By Reubin Turner, Senior Staff Writer
A trial in the trademark infringement lawsuit between Baylor University and The Baylor Alumni Association could be nixed if the university’s motion for summary judgment is granted by the court.
The motion, filed in the 74th Judicial District Court of McLennan County on July 22, is a common legal procedure that outlines the argument for either the plaintiff or the defendant and why the court should rule in their favor while forgoing a trial.
This is the first time the university has laid out explicitly its argument in the case Baylor University v. The Baylor University Alumni Association.
The case stems from the university’s termination of the association’s right to use the Baylor trademark.
Lori Fogleman, vice president for media communication, said nowhere in the bylaws or the constitution of the BAA does it mention that they are to be an independent voice for alumni of the university. She also said the university leaders believe the BAA is no longer effective in engaging alumni.
“University leaders have longed recognized the need to interact and engage with alumni for decades,” Fogleman said. She said the university began publishing Baylor Magazine in 1983 as an effort to reach out to alumni.
“Regardless of the statements of the BAA, we’re reaching out to alumni, and we’re doing it successfully.”
Indefinite duration of the contract between the two entities, vague terms and the fact that the BAA is under no obligation to perform, are all reasons cited in the motion as to why the university was within its right to terminate their original license with the association on Sept. 8, 2013.
According to the court document, “the agreements have an indefinite duration and are therefore terminable at will be either party.”
The document also states that because the contract does not specify a time period for the university to honor a license to the BAA, under Texas law, the contract is terminable at will be either party.
Baylor also states that because the terms of the contract are illusory, it is hard for the court to enforce its terms, which also makes it terminable at will by either parties. The court document cites several cases that have ruled in favor of the plaintiff on these terms.
One of the cases cited is one regarding the New Jersey Institute of Technology and its former alumni association. Breach of contract was cited as a chief complaint from the plaintiff (the alumni association in this case), and the state Superior Court Chancery Division for New Jersey ruled in favor of the university writing in a 46-page opinion that since the university owned the trademark and the terms of the contract were vague and unenforceable, they legally had a right to terminate the contract.
The original license was terminated on May 31, 2013 after a letter was sent to the BAA from the Baylor Board of Regents following a negotiation that had been reached between Baylor and the BAA.
The termination of this license was suspended, however, to allow members of the BAA to vote in favor of the transition agreement the following September.
On Sept. 7, 2013, the transition agreement failed to meet the supermajority it needed in order to become an entity that was not independent of the university. Todd Nesbitt, president of the BAA, said in an interview with the Waco-Tribune Herald that this supermajority was not required by their bylaws as many have been led to believe, rather this is “state law relative to the dissolution of a non-profit.”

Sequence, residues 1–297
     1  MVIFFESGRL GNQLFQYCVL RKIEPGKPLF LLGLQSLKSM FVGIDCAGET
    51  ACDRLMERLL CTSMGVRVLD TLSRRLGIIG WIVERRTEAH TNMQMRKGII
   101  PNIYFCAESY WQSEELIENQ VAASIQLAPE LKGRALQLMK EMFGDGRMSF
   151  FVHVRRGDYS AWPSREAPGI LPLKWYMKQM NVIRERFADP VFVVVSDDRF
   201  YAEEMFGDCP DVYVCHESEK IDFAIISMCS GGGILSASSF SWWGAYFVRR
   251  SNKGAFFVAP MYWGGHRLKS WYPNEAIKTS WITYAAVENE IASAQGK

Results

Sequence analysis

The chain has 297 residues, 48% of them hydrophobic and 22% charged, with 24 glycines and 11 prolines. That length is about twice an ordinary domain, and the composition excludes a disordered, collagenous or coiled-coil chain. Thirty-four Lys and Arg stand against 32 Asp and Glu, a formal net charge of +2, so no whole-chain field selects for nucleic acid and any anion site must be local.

According to the agreement, The Baylor Line, a magazine published by the BAA, would have come under control of the Baylor Line Corporation, a new alumni association that would have been created by the university. The agreement would have allowed the BAA to transition leadership and employees over to the new association, as previously reported by the Lariat.
The university would have then granted them a new license to “provide an independent platform” to Baylor regarding its role in higher education by allowing it to continue to publish the Baylor Line.
While the transition agreement did not reach the required supermajority, 55 percent voted in favor of the agreement. It was also supported by a number of executives within the BAA, including then-president Collin Cox.
Nesbitt stated in the interview that while a majority did support the transition agreement, he feels as though the association was strong-armed by the university to support an agreement that didn’t allow the BAA to remain a separate entity. He also stated that he believes a small number of regents and members of the Baylor administration helped to drive the fight between the university and the BAA.
Nesbitt was referring to the email released this summer by order of the court. The emails contained an exchange between Tommye Lou Davis, vice-president of constituent engagement, and Buddy Jones, then-president of the oard of regents.
In the emails, Jones expressed that he hated the BAA, to which Davis responded, “that makes two of us.” In the emails, there is also an exchange that suggests the university may not have been truthful in its intentions for tearing down the Hughes-Dillard Alumni Center. The center was the headquarters for the alumni association.
““Can’t wait to tear that building DOWN!!!! If it is tied to the stadium, few will complain! 🙂 How sweet it will be!” wrote Davis in an email to Jones. Davis was referring to the university’s argument that the space the alumni center was occupying was needed for a plaza related to the new stadium.
In a guest editorial in the Waco-Tribune Herald, President and Chancellor Ken Starr wrote that despite what the email may suggest, university leadership remains committed to peace and finding a solution.
“The members of Baylor’s volunteer board merit our heartfelt thanks, as they continue their work to ensure that the light emanating from our cherished university will, by God’s grace, shine ever more brightly into the future.”